Despite Italy’s recommendation, Berlin refused to invite Morocco to the conference on Libya

The conference on Libya

Italy proposed to Germany to invite the Maghreb countries, including Morocco, to attend the Berlin summit on Libya. But Berlin considered that the presence of these countries was useless, which led Morocco to issue a communiqué whose tone is not very diplomatic towards Germany.

The newspaper Al-Quds al-Arabi has learned from high-level European sources that the Italian Foreign Ministry has made a series of practical proposals, including inviting a group of countries to the Berlin summit, especially after Italian diplomat Luigi de Mayo’s visits last November to North African countries, including Morocco, where he agreed with his Moroccan counterpart Nasser Borita on a series of proposals and recommendations. Italy took on this task as a European country that knew Libya well because of its close ties, including the Italian colonization of this Maghreb country.

The Italian official forwarded all the proposals and recommendations to the German Foreign Office, headed by Heiko Mas, including a key recommendation on the necessary involvement of Morocco, Algeria and Tunisia for two main reasons:

The first reason is the commonality of the three countries with Libya as well as with Mauritania, given that these countries have already been making efforts to find a solution to the Libyan situation for years, in particular Morocco and Algeria,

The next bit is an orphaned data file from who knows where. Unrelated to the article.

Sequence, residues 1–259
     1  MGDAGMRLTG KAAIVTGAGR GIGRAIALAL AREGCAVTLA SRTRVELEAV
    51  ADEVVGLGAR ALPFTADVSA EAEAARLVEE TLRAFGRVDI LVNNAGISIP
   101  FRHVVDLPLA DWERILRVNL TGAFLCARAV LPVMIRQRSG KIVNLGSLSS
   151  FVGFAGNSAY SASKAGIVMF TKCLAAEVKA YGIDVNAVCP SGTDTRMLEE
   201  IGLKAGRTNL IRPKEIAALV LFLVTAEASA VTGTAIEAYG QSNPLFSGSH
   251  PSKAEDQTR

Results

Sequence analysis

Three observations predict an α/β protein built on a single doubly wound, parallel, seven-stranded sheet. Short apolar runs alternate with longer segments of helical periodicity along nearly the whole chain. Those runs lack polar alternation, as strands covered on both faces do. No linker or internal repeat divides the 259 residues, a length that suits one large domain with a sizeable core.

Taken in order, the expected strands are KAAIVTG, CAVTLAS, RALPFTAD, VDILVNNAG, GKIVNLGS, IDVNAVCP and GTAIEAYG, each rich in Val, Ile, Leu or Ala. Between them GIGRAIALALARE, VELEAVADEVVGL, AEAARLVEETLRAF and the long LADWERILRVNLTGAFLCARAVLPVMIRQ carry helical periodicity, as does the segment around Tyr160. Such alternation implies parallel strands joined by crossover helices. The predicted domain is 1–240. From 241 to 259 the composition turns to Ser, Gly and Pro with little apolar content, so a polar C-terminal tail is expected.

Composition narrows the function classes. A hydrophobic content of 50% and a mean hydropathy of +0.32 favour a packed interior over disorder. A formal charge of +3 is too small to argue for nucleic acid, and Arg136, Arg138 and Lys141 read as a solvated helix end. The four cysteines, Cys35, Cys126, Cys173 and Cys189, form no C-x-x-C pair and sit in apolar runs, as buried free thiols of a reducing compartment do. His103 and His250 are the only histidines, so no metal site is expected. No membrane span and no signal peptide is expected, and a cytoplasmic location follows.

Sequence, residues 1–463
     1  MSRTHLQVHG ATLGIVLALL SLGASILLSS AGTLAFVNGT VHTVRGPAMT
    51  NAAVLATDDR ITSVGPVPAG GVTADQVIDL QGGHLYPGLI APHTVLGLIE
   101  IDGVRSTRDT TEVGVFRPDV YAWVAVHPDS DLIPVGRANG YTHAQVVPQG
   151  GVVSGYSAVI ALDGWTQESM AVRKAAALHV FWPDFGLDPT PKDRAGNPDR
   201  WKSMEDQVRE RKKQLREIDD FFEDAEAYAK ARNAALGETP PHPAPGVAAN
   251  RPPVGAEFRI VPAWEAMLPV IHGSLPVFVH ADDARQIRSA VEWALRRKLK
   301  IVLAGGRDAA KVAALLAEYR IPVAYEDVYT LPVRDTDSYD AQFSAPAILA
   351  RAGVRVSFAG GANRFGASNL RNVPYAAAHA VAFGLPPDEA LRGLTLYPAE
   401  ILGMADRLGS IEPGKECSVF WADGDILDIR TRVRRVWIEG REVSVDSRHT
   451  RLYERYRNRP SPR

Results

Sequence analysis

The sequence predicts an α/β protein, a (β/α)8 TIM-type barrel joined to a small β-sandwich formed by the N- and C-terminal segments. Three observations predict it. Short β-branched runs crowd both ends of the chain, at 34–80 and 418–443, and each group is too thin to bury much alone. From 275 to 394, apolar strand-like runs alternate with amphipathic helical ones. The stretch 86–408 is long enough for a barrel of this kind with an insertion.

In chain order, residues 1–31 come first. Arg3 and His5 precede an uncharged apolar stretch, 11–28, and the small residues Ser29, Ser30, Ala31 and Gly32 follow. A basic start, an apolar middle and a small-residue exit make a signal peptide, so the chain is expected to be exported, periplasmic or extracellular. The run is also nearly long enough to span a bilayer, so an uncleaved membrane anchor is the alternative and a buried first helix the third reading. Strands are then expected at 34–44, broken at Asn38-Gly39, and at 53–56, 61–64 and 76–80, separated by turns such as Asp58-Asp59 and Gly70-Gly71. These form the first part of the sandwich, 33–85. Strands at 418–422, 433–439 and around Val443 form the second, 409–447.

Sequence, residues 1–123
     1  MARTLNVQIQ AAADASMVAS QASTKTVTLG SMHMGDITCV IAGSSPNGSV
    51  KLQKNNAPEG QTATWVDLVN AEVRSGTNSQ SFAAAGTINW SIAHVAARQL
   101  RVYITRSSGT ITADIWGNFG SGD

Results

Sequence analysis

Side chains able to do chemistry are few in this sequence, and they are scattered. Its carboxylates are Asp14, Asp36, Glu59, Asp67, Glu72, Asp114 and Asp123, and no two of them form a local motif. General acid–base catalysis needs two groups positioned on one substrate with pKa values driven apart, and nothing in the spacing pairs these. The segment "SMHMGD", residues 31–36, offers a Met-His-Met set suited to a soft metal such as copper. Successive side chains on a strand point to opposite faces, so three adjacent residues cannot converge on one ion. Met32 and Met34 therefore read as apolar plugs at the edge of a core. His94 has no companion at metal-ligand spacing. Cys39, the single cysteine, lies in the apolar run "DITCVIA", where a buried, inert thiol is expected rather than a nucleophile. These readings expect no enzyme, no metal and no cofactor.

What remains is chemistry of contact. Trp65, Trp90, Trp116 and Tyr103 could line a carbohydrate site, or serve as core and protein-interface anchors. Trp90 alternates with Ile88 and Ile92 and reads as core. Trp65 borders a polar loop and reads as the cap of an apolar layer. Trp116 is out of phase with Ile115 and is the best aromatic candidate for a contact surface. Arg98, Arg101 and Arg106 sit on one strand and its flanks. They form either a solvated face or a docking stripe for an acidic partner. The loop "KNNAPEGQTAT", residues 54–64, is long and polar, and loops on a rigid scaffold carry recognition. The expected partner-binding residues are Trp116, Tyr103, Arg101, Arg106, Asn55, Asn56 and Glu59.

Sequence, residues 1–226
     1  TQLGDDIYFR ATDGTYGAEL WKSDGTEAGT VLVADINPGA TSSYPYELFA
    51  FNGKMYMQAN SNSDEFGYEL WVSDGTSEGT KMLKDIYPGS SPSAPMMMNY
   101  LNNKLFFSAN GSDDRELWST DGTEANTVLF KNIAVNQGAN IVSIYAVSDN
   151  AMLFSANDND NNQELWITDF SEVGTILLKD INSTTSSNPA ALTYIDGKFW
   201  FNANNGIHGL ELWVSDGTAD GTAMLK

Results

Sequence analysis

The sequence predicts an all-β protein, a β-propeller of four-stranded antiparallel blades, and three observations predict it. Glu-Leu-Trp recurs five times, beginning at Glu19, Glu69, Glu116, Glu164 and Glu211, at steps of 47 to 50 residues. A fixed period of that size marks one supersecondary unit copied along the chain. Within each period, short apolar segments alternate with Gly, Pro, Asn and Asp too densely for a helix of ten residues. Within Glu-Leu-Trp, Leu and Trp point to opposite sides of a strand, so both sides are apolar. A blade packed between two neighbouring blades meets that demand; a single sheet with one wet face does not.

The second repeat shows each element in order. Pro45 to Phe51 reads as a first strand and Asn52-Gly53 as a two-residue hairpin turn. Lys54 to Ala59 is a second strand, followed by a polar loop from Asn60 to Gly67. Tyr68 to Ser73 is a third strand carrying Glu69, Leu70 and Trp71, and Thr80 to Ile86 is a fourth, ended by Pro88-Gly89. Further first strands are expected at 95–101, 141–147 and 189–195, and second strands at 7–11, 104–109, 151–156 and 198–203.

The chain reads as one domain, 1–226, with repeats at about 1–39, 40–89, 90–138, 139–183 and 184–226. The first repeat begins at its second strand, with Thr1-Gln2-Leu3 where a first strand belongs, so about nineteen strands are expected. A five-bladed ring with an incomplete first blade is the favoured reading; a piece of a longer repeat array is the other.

The second reason, according to the Italian recommendation document, is the existence of qualitative and intense relations between the tribes of Libya and those of Algeria and Tunisia, a factor which will help to solve the problem posed in Libya.

Morocco was certain that it would be invited to participate in the Berlin meeting to such an extent that Foreign Minister Nasser Borita and Head of Government Saadeddine Otmani did not schedule anything as an official activity over the weekend, and the Moroccans’ certainty was reinforced after Berlin invited Algeria to attend. But finally Berlin excluded Morocco and sent a late invitation to Tunisia.

It was this German attitude that prompted the Moroccan Foreign Ministry to issue a very strong statement against Berlin on Saturday evening, which states, among other things, that “The Kingdom of Morocco does not understand the criteria and motivations that dictated the choice of countries participating in this meeting”. It then goes on to say this harsher sentence: “The host country of this conference (Germany), located far from the region and the ramifications of the Libyan crisis, cannot use it as a tool to defend its national interests.” The statement goes on to say that “The Kingdom of Morocco does not understand the criteria and motivations that dictated the choice of countries participating in this meeting”.

Berlin hosted the Libya Summit on Sunday 19 January, with the participation of 16 countries and organizations, including the UN, and the presence of leaders from countries such as Turkey’s Recep Tayyip Erdogan, France’s Emmanuel Macron and Russia’s Vladimir Putin, and ended with the recommendation to ban arms sales to Libya and the gamble on a political solution between the opposing parties, represented by the head of government Fayez Sarraj and war baron Khalifa Haftar.

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